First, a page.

By: Jay Nibbe, EY Global Vice Chair Tax
In 1776, Adam Smith described his four canons of good taxation: equity, convenience, efficiency — and certainty.
Nearly 250 years later, the world continues to struggle with tax certainty.
With trade inextricably linked across borders, there are more sources of uncertainty than ever.
“We need a fair and consistent approach to allocating profits to tax jurisdictions around the world. And we need to preserve the cornerstone principle that double taxation should be avoided.“
When tax uncertainty exists — arising from unstable tax regimes, unpredictable tax administration policies or other sources — companies do not invest, invest less or invest elsewhere.
Governments are then left with lower and less predictable revenue streams.
Moving into a post-BEPS (base erosion and profit shifting) world, equilibrium remains out of reach.
Companies are seeing more robust audit approaches, while tax authorities often consider certain tax planning behaviors of companies to be too aggressive.
Finding a better way
As taxpayers and governments seek certainty, it is in the interest of both to find better ways to resolve disputes, or even better, to avoid them altogether.
Solutions should provide taxpayers with a stronger right to effective resolution mechanisms.
And they should also be timely: justice delayed is justice denied.
When excessively postponed, even good or fair outcomes on the principles are unsatisfying and costly.
Efforts to bring certainty earlier in the process, such as rulings on tax arrangements, advance pricing agreements (APAs) and cooperative compliance, are valuable.
But there is more work to be done.
Recent decisions by the European Commission involving State aid in the context of a tax ruling from tax authorities call into question the reliance one can put on government rulings, casting a pall of uncertainty over well-established processes in many EU countries.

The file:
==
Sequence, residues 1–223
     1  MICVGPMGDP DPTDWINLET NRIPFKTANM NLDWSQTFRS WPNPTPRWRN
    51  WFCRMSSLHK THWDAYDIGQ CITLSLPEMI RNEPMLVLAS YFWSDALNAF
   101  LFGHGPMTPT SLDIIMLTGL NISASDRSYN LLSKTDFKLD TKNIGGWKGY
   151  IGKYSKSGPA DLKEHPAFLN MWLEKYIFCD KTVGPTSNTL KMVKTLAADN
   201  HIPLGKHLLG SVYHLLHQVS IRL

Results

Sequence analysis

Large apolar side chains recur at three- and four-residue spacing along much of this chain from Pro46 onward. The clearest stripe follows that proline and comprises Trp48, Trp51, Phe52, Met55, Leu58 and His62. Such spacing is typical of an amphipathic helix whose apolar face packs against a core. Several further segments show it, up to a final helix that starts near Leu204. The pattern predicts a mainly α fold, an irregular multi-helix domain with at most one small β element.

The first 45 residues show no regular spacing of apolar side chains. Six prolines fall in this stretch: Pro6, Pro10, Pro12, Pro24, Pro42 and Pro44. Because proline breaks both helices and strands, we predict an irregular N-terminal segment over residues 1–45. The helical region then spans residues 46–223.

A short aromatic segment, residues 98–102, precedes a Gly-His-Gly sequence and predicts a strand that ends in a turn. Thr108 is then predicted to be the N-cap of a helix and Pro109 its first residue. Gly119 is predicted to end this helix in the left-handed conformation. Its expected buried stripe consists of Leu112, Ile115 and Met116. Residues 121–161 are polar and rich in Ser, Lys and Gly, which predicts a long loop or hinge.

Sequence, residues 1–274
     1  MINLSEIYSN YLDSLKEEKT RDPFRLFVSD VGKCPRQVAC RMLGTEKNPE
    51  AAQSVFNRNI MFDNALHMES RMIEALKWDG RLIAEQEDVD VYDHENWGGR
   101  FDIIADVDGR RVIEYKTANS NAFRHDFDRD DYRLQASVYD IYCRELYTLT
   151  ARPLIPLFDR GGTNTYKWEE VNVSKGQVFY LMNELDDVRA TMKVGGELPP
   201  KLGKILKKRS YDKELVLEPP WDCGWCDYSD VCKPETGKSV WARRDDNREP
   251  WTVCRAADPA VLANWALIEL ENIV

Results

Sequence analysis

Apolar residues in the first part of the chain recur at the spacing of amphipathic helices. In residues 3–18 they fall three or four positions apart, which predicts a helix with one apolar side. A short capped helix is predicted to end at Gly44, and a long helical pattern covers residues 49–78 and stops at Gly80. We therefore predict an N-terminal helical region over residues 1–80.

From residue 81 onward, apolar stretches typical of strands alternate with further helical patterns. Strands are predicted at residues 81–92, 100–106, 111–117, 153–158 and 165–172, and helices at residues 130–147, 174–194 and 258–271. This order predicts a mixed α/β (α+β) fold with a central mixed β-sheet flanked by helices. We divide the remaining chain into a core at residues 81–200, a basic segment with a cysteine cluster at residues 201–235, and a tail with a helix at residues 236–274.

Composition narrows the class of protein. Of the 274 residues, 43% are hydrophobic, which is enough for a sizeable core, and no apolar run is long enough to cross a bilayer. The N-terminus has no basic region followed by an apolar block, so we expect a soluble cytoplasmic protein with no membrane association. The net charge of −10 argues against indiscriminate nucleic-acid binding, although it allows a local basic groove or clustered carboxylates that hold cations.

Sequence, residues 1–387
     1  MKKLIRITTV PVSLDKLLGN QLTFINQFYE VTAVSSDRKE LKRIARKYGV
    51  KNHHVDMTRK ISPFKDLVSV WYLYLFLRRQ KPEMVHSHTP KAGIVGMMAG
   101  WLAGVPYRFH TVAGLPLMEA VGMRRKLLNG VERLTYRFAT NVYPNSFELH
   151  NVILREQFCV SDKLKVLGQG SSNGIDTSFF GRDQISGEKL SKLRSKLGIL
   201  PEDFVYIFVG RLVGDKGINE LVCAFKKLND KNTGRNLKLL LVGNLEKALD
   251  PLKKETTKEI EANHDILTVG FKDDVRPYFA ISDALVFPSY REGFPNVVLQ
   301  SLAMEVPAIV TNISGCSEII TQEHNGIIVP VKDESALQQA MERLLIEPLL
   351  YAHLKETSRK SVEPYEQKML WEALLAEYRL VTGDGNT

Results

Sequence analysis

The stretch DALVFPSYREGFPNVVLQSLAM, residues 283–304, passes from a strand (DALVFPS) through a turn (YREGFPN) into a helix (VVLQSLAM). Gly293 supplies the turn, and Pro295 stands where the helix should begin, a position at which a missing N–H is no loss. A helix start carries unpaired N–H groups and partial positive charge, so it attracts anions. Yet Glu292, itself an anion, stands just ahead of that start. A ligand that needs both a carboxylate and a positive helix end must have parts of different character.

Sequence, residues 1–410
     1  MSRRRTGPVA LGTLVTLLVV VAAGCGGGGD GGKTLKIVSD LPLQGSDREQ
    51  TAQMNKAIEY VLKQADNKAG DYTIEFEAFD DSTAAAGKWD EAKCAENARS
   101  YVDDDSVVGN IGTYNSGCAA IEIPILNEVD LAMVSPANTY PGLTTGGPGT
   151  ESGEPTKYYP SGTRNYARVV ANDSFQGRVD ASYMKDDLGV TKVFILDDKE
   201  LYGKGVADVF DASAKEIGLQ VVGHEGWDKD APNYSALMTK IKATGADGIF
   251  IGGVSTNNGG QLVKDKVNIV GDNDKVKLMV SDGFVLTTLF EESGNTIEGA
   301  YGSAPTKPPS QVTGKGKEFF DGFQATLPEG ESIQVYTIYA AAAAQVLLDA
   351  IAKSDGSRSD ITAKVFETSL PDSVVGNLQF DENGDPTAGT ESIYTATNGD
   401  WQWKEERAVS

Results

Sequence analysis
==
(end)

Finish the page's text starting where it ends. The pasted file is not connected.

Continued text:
There is also more room for improvement with mutual agreement procedures (MAPs), a process by which countries can resolve cross-border disputes.
Taxpayers can request a MAP but cannot compel jurisdictions to pursue or reach an agreement.
Most do not set a time frame, and taxpayers have very little participation in or visibility over the process.
More mandatory arbitration between jurisdictions would also help improve certainty.
The multilateral instrument
In November 2016, the Organisation for Economic Co-operation and Development (OECD) released a multilateral instrument to implement tax treaty-related BEPS recommendations, including a provision enabling (but not requiring) countries to include mandatory binding arbitration in their tax treaties.
More than 100 countries have agreed in principle but only 20 have committed to implement mandatory arbitration in their bilateral tax treaties.
But MAPs and mandatory arbitration alone are not enough.
Neither these processes nor voluntary arbitration has sufficient transparency or taxpayer involvement to prevent double taxation.
The good news is that the G20 and the OECD are now focused on the need to improve tax certainty, and a recent OECD survey asked businesses for detailed input about sources of uncertainty and suggestions for solutions.
The OECD is pushing for more jurisdictions to commit to mandatory binding arbitration.
Its agenda also includes promoting the value of cooperative compliance and APAs.
Further work on a broader arbitration process would also help.
Searching for the three c’s
It is said that businesses crave three c’s:
Nothing is truer when it comes to taxes, but governments benefit as well.
We need a fair and consistent approach to allocating profits to tax jurisdictions around the world.
And we need to preserve the cornerstone principle that double taxation should be avoided.
In this important period of global transformation in the taxation systems around the world, let the dialogue for tax certainty continue to be a priority.